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I’ve been out of programming practice and not feeling very motivated for building something real, so I’m looking for programming games that are fun. I’ve tried a few, I think I’d like something that has a REPL or notebook interface as well as or instead of a file-based interface.

Here are some I’ve tried:

Using a general-purpose programming language:

  • bitburner - this is quite fun, though there’s quite a lot going on
  • hackmud - this seems fun and interesting, though the community is small now. This was my introduction to JS dependency hell.

Special purpose languages:

  • The many Zach-likes - I’ve enjoyed these a lot, but I want something a bit more open than puzzle-y
  • Else.heart.break - This was quite fun, but a very slow start and then I broke the quest triggers by skipping right to the end of the game once I got the hacking device.
  • colobot a cool classic educational programming game where you’re an astronaut controlling lots of robots - I remember the missions feeling a lot easier to solve without much programming, but apparently there’s a new mission pack…

Anyway! Interested to hear your recommendations!

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    Human Resource Machine teaches assembly-level programming as you manage a conveyor belt of boxes. It might be simple for this audience, but it’s by the guy who made the stone-cold-classic “World Of Goo” and has the same oddball sense of humor.

    Also, there are several tabletop board games in which you program robots, the originator being “RoboRally”. The “programming” here is mostly just sequences of moves; the challenge is that all player’s programs run concurrently, and stuff other robots do will inevitably mess up your careful plan and send your robot veering into a pit of flame or something. (I.e. this is a game you play for the race conditions not the algorithms.)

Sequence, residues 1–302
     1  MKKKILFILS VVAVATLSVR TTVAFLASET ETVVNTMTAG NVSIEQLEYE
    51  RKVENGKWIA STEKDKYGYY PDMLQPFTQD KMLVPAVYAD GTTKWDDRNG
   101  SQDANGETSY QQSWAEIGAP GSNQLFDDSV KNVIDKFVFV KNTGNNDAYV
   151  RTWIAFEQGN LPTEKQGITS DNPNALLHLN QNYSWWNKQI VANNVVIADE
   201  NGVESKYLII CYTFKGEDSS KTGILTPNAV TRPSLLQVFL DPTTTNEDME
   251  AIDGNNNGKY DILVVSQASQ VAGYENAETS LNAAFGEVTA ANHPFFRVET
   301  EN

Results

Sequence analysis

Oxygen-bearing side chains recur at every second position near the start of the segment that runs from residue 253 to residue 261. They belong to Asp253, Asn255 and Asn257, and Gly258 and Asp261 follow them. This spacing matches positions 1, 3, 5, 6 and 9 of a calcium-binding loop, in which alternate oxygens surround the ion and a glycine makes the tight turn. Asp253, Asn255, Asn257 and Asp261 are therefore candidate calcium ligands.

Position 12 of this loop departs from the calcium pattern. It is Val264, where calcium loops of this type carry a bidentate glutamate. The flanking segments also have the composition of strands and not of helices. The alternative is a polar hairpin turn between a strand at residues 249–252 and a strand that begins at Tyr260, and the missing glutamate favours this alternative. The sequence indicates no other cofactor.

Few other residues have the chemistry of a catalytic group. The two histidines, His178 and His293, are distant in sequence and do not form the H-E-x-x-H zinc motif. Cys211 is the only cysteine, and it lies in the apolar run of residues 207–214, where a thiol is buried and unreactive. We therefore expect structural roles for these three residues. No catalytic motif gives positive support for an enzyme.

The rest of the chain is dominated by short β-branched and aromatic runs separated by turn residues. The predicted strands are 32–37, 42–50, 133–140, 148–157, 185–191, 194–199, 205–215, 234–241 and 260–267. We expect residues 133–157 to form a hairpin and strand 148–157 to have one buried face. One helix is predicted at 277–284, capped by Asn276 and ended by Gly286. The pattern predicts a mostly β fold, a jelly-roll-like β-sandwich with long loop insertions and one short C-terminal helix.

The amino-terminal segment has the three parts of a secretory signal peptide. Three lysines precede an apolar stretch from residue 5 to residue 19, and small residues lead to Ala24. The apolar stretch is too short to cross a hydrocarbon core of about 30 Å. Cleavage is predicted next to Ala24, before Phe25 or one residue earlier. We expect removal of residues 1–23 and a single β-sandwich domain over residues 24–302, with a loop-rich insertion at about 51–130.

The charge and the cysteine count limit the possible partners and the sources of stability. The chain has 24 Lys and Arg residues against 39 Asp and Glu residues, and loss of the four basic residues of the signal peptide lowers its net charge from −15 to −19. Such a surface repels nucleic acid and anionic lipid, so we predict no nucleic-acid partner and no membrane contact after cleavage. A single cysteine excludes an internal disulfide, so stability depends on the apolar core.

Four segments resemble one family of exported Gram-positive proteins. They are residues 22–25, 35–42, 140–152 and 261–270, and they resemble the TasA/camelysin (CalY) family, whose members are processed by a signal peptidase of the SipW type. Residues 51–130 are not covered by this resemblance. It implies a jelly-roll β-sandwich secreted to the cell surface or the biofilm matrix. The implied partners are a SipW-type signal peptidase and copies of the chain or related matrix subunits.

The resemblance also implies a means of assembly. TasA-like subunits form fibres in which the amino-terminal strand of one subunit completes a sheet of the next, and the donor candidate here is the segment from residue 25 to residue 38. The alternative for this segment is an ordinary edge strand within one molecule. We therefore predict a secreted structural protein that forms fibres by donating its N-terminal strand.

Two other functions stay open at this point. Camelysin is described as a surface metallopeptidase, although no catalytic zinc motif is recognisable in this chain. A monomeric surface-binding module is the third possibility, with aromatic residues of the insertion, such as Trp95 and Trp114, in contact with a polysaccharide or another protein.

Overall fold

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      The sequel 7 Billion Humans to Human Resource Machine is also fun - nice for building intuition for SIMD and GPU programming.

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      Elevator Saga is a classic.

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        Well I’m not getting any work done today. Please submit this as a story!

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        TIS-100 doesn’t fit all the criteria but definitely the game end of programming.

        On a slightly different tangent, things like PICO-8 is pretty fantastic for programming for fun. :)

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          I’ll add that TIC-80 is great if you don’t want to pay for PICO-8.